}

An application using this data model to solve the problem statement in C++ would look like the following:

main()

{

  Solution x;

  Solution y;

  Solution f;

 

  x.Init( 0.0, 0.20 );

  y.Init( 0.0, 0.45 );

  f.Init( 60.0, 0.30 );

 

  f.Mix( &x, &y );

 

  x.Print();

  y.Print();

  f.Print();

}

Although there are some differences, let’s look at the similarities between the design using structures and the design using classes by comparing the code side by side.

#include <iostream>

using namespace std;

 

// Knows

struct Solution

{

  float vol;

  float per;

};

 

// Does (declarations)

void InitSolution( Solution *, float, float per );

void MixSolutions( Solution *, Solution *, Solution * );

void PrintSolution( Solution * );

 

 

 

 

 

 

 

 

 

 

// Application

main()

{

  // Declare 3 solutions

  Solution x;

  Solution y;

  Solution f;

 

  // Initialize solutions

  InitSolution( &x, 0.0, 0.20 );

  InitSolution( &y, 0.0, 0.45 );

  InitSolution( &f, 60.0, 0.30 );

 

  // Mix solutions

  MixSolutions( &x, &y, &f );

 

  // Print solutions

  PrintSolution( &x );

  PrintSolution( &y );

  PrintSolution( &f );

}

 

 

// Does (definitions)

void InitSolution( Solution *m, float vol, float per )

{

  m->vol = vol;

  m->per = per;

}

void MixSolutions( Solution *x, Solution *y, Solution *f )

{

  y->vol = ( f->per*f->vol - x->per*f->vol ) /

                  ( y->per - x->per );

  x->vol = f->vol - y->vol;

}

void PrintSolution( Solution *m )

{

  cout << "Solution:" << endl;

  cout << "  volume: " << m->vol << endl;

  cout << "  percentage: " << m ->per << endl;

}

 

#include <iostream>

using namespace std;

 

// Knows

class Solution

{

private:

  float vol;

  float per;

 

// Does (declarations)

public:

  void Init(float v, float p);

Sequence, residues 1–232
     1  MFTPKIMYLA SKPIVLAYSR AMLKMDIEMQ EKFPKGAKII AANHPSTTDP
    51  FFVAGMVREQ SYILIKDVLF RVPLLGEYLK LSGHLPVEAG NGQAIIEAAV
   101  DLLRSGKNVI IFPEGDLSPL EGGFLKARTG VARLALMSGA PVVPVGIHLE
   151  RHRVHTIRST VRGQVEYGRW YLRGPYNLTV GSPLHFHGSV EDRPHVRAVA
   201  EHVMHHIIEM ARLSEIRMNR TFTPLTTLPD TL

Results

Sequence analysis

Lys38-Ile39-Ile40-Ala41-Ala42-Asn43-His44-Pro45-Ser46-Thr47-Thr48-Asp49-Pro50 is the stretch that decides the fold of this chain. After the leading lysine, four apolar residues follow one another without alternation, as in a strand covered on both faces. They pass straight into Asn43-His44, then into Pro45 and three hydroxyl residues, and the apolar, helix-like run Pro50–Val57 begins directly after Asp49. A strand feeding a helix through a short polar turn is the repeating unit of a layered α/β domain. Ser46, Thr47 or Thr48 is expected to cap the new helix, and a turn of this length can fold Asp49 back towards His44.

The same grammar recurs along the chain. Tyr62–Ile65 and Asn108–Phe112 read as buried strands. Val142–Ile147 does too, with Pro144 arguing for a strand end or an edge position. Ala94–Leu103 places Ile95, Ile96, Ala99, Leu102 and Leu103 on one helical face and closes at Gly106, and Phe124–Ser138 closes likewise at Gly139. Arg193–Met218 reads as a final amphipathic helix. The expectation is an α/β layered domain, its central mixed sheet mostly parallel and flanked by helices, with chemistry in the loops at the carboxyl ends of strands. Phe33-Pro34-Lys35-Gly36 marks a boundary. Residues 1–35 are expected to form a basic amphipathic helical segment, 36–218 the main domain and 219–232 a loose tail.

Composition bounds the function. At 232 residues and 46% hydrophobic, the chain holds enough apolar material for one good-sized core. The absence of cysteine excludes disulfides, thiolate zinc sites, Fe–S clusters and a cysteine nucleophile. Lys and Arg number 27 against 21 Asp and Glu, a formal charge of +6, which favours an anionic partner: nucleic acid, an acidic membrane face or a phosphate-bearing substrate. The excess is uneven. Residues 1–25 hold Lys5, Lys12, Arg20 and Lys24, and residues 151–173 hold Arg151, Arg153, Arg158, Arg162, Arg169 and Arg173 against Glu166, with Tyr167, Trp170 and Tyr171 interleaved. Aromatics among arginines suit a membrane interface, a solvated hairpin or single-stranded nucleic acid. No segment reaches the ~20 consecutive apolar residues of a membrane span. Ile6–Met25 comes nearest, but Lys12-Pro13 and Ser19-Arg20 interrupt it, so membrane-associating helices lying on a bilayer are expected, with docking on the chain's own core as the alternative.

void Mix(Solution *, Solution *);

  void Print();

  Solution() 

  {

     vol = 0.0;

     per = 0.0;

  }

  void setVol( float v ) { vol = v; }

  void setPer( float p ) { per = p; }

  float getVol() { return vol; }

  float getPer() { return per; }

};

 

// Application

main()

{

  // Declare 3 solutions

  Solution x;

  Solution y;

  Solution f;

 

  // Initialize solutions

  x.Init( 0.0, 0.20 );

  y.Init( 0.0, 0.45 );

  f.Init( 60.0, 0.30 );

 

  // Mix solutions

  f.Mix( &x, &y );

 

  // Print solutions

  x.Print();

  y.Print();

  f.Print();

}

 

 

// Does (definitions)

void Solution::Init(float v, float p)

{

  vol = v;

  per = p;

}

void Solution::Mix(Solution *x, Solution *y)

{

  y->vol = ( per*vol - x->per*vol ) /

                  ( y->per - x->per );

  x->vol = vol - y->vol;

}

void Solution::Print()

{

  cout << “Solution:” << endl;

  cout << “  volume: ” << vol << endl;

  cout << “  percentage: ” << per << endl;

}

Although we’ll be looking in depth at each of these object-oriented features, let’s look briefly at some of the main differences from our design with structures:

 

Classes and Member functions

Beginning at the top of our comparison table, we use a class to store what the object knows instead of a structure. Like a structure, we can define the variables used to store what the object knows about. Inside a class, these variables are also called state variables because their values define the state an object at any point in time during the execution of a program.

 

class Solution

{

private:

  float vol;

  float per;

...

 

};

 

Different from our struct, a class can also store the function declarations defining what an object does. Because the functions are inside the class, we refer to them as member functions. In this way, a class brings together what an object knows and does in a much more intuitive and organized manner. Note also how entire function definitions can be stored inside a class. The following member functions below are defined inside the class. Note we’ve also added member functions that set and return (get) values from our data model variables. We’ll refer to them as access functions because they access state variables. As we’ll see later, access functions provide a means of security with information inside data objects.